Sunday, October 25, 2009
Daniel Drezner explains rather cogently why the dollar is going to remain the world's reserve currency, fretting from the right notwithstanding. Megan McArdle does not disagree with the main point, but does not believe that the current obsession with the dollar's value has much to do with opposition to Obama:
A large segment of the right ascribes almost magical properties to fixed currency, like the ability to keep the government from borrowing too much money. This is belied by the long history of government's on commodity or currency pegs borrowing a great deal of money, and then defaulting and/or revaluing. It is also belied by the fact that the government cannot actually borrow a ton of money in the expectation of inflating away the debt, because neither the bondholders nor the Fed are particularly likely to go along. But for a lot of the right, still, what is good for the US dollar is what is good for America--and what is good for the US dollar is simply being worth as much as possible relative to other currencies.
But whatever the reason, the dollar obsessives were in plentiful supply under Bush, and I suspect are coming out of their hidey holes now mostly because the dollar is again dropping dramatically.
I agree. I'm not much for a strong dollar per se. But it would be useful if it did not swing in value with so much velocity.
Finally, Paul Kedrosky crunches the numbers and largely puts to rest the paranoid assertion that Matt Drudge's dollar obsession actually influences the currency markets.
CWCID: Linkiest, where there are many interesting things to read.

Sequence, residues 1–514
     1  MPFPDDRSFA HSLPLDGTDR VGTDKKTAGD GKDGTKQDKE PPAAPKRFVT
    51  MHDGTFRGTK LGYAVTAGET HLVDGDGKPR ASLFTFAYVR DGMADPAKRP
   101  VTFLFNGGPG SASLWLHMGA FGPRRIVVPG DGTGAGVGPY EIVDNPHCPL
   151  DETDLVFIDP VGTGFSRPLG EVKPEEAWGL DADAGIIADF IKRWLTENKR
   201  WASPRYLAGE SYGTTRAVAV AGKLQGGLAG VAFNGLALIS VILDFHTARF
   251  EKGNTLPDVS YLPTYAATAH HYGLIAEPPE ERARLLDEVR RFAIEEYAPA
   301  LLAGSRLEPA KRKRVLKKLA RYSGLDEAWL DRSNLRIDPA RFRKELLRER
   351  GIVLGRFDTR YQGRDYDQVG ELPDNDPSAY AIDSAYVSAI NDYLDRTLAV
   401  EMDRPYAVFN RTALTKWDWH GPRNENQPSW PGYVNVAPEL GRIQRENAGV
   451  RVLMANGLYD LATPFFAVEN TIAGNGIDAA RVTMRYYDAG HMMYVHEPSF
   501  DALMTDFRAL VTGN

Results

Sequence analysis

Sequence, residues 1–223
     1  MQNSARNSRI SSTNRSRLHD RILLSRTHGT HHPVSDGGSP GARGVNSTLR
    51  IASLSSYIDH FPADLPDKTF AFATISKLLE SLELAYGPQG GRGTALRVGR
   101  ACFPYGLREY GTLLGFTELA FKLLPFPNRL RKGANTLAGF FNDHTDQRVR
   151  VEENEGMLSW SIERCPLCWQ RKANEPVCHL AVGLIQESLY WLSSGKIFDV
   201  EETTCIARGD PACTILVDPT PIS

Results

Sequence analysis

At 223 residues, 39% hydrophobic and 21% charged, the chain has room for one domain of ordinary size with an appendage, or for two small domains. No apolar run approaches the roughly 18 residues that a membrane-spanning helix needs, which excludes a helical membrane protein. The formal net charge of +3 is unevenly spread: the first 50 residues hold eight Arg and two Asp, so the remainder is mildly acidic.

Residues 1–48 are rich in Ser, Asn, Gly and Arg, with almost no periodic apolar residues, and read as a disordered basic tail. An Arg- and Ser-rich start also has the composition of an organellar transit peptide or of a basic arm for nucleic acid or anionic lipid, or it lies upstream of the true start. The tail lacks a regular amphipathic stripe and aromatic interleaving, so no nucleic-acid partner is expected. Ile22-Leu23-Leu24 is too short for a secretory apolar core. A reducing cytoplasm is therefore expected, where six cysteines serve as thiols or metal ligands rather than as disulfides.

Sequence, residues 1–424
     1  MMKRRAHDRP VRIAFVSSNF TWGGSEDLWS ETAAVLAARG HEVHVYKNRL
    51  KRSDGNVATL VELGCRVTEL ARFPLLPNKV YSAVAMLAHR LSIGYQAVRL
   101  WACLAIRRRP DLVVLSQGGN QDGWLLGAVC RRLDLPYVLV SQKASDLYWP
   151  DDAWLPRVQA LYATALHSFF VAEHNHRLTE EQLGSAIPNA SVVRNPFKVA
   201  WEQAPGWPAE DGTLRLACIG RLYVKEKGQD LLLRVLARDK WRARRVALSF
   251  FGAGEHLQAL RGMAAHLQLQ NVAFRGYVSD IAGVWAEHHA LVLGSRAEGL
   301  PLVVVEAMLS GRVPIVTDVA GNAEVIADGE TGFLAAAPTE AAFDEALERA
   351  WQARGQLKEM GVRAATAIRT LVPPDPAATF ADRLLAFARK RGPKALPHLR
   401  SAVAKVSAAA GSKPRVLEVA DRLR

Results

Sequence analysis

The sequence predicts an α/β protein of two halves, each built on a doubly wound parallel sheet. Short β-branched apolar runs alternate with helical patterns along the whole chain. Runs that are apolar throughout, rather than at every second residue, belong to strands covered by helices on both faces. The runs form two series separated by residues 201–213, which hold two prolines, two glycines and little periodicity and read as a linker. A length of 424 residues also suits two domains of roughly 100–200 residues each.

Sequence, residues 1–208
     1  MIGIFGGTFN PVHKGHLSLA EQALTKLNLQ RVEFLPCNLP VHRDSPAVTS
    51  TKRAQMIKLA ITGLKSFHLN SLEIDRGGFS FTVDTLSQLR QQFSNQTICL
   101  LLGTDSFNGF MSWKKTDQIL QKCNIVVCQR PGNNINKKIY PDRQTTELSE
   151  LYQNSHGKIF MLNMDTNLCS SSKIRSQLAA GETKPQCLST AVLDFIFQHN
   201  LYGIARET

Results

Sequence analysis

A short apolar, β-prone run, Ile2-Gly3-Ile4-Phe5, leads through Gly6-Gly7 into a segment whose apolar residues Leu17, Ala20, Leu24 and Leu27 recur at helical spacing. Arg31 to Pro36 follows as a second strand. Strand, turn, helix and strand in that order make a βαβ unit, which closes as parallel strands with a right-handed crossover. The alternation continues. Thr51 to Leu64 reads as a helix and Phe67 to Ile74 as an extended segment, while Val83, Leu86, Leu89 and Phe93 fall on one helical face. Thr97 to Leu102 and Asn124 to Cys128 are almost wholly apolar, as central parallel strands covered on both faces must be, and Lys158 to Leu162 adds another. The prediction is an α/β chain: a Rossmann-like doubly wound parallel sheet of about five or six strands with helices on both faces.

Shockingly stupid analysis by both Drezner and McArdle, if their posts even qualify as analysis. I note that McArdle provides precisely zero examples of governments on commodity or currency pegs that borrowed a great deal of money, then defaulted or revalued.
McArdle may well be correct, but what she seems not to get is that is exactly the point. Sunshine is the best disinfectant, and a government with a fixed currency must explicitly default or revalue in broad daylight and bear the political consequences. By contrast, a government managing a fiat currency can mask its fiscal irresponsibility by devaluing its currency.
Those persons celebrating the DJIA crossing 10,000 would do well retake basic algebra. On a trade weighted, dollar adjusted basis, DJIA 10,000 in October 2009 is really a DJIA of approximately 7500 when measured in 2008 dollars. The DJIA has NOT recovered its value. Only the unit of measure has changed.
On a nominal basis, investors in the DJIA have a rate of return of zero in the last ten years (adjust for inflation and the return is zero for about 20 years). Stock market investing has been an absolute swindle for the average investor.
By contrast, investors in gold have earned a return of approximately 400% in the past 10 years. Yes, keep believing in a fiat currency and watch your wealth disappear.
Drezner says himself that he "is only a political scientist", so it should be no surprise that he should assume that just because today there is no alternative to the dollar that will remain true for a long time to come. A logical fallacy in and of itself, but also an economic stupidity: If China, Japan and others decide an alternative to the dollar is required, one will be developed. That's the way innovation works.
To form fiscal policy on the presumption our currency can never be replaced as the world's reserve currency is unspeakably dumb.